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Leadership of the Arewa Consultative Forum has faulted the leader of the Indigenous People of Biafra, Nnamdi Kanu for using ‘zoo’ to depict Nigeria.

Secretary General of the sociopolitical group, Anthony Sani said, although, Kanu and his fellow agitators have every right to fight for their freedom but using foul languages to describe a whole nation is unheard of and the consequence could be war.

Sani alleged that Igbo leaders have tacitly endorsed hate speech by the IPOB leader because of their silence over Kanu’s excesses.

The ACF chieftain noted that Kanu has severally used provocative languages against Nigeria and its leaders and should be allowed to face the law.

“He (Kanu) even used the word ‘zoo’ to depict Nigeria and in blithe disregard for the fact that this same term was used in Rwanda to cause ethnic cleansing with dire consequences. There are countries where agitations for the split have taken place without the resort to the use of foul language and hate speech as we have experienced with IPOB. We have Catalonia in Spain; Quebec in Canada; and Scotland in Britain. Why should there be hate speech that is capable of incitement?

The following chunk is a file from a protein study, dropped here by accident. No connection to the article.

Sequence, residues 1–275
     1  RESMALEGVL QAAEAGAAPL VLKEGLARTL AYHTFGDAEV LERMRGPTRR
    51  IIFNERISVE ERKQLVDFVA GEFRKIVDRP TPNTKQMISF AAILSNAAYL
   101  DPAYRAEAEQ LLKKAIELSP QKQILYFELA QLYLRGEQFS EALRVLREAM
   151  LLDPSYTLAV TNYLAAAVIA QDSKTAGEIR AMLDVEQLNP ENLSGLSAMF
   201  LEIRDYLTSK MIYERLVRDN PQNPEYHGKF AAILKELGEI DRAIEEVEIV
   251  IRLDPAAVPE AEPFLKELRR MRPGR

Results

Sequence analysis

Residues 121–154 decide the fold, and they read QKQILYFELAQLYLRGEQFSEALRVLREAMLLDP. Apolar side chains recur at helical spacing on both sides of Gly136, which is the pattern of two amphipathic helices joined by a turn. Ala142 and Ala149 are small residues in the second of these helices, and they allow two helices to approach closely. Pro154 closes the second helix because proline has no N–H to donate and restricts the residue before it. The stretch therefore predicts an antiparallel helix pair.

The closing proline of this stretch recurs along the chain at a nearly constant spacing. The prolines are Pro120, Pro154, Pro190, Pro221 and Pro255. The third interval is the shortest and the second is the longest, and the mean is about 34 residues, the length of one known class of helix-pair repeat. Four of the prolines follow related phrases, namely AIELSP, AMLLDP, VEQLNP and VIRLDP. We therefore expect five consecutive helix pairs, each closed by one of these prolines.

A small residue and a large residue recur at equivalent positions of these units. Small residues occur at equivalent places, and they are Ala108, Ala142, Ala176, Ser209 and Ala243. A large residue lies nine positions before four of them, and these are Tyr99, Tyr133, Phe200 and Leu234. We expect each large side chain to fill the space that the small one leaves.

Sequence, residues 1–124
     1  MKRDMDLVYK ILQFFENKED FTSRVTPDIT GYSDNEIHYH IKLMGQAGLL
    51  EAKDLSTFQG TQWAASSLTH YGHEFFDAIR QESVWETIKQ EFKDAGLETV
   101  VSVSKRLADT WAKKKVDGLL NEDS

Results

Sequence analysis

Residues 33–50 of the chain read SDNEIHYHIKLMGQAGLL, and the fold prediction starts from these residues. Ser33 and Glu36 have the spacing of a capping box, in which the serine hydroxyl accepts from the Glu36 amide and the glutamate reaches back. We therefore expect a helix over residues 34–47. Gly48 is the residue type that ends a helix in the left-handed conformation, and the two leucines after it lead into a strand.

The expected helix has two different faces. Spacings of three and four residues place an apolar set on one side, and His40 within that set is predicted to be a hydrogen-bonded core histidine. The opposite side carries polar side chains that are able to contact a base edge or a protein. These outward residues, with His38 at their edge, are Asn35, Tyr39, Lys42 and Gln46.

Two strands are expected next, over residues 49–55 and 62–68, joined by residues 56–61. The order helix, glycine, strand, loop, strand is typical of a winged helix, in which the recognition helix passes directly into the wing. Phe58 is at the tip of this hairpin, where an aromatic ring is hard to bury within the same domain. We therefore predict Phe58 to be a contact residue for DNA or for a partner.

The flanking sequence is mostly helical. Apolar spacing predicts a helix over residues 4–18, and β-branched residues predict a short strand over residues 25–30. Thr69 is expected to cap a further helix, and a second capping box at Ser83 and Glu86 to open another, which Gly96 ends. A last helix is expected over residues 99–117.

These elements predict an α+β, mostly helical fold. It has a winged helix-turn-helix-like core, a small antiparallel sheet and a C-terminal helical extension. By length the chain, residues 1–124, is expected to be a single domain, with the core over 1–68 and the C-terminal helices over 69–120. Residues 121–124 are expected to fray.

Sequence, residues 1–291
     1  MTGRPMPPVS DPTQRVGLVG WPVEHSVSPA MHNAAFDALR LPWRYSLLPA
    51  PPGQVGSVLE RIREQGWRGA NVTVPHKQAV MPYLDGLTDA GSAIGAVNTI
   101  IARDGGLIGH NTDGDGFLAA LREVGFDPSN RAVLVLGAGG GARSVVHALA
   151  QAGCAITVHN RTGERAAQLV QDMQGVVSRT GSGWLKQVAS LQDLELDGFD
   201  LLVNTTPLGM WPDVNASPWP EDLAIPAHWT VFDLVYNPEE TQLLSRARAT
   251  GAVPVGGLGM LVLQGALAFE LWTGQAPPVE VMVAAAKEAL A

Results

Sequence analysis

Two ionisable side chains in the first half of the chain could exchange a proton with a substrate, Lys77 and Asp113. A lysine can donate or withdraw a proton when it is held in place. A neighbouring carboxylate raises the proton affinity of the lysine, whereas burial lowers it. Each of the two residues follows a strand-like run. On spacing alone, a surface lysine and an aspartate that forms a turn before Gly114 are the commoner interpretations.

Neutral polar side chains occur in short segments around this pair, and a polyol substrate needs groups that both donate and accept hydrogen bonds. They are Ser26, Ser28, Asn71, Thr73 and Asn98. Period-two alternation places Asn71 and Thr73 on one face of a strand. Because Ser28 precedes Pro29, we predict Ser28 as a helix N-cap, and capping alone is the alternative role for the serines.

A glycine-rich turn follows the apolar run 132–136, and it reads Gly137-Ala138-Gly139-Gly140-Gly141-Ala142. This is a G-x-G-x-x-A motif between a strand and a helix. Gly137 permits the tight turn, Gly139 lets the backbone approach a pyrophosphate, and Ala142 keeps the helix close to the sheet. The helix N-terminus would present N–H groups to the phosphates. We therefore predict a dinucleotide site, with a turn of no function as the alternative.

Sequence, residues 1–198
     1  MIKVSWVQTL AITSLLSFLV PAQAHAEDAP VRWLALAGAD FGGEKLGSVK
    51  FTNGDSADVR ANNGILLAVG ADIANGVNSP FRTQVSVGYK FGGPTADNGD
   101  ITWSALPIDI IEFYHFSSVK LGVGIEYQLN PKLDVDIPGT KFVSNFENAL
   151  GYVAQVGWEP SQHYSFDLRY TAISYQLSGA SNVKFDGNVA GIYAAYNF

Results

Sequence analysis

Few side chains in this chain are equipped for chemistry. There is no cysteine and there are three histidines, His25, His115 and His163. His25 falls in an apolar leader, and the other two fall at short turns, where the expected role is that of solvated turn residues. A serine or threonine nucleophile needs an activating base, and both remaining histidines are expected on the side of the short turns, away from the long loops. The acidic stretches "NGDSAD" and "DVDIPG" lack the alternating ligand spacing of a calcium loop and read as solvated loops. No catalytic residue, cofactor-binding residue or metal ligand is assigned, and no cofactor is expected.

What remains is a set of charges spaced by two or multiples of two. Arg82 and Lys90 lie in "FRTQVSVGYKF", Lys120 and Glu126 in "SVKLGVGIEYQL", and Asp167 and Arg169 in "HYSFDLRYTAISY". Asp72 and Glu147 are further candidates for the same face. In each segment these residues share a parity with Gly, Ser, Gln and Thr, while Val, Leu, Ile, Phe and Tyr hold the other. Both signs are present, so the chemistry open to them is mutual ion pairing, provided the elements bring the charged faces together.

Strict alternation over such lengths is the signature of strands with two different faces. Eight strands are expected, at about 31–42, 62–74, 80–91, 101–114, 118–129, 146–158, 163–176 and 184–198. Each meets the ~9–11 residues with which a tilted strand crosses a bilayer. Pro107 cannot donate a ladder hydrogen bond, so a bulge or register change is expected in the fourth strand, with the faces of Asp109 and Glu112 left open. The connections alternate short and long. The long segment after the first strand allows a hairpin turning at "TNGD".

“You would note that Nnamdi Kanu was arraigned on charges of treasonable felony and was granted bail on medical grounds with clearly spelt out conditions which he accepted of his own volition. But Kanu has observed the bail conditions more in the breach. This has tested the will of the Federal Government which has gone to court to either enforce the bail conditions or have him rearrested.

“But some other people believe that Kanu’s re-arrest will make him a political factor in the polity. To this group, it is better to ignore Kanu, while some others are of the view that the Federal Government should dialogue with Kanu and bring about a political solution. But, do we now reward bad behaviours with recognition and concessions by playing up Danegeld in Biafra? To me – unless it is impossible – I would prefer that the law should take its course.


“Hate speech is a serious issue that is capable of splitting the country through avoidable conflagration or war. Yet, Igbo leaders have tended to tacitly endorse the hate speech by the Indigenous People of Biafra through their reticence until very recently – and despite their knowledge of dire experiences of civil war,” Sani told Punch.



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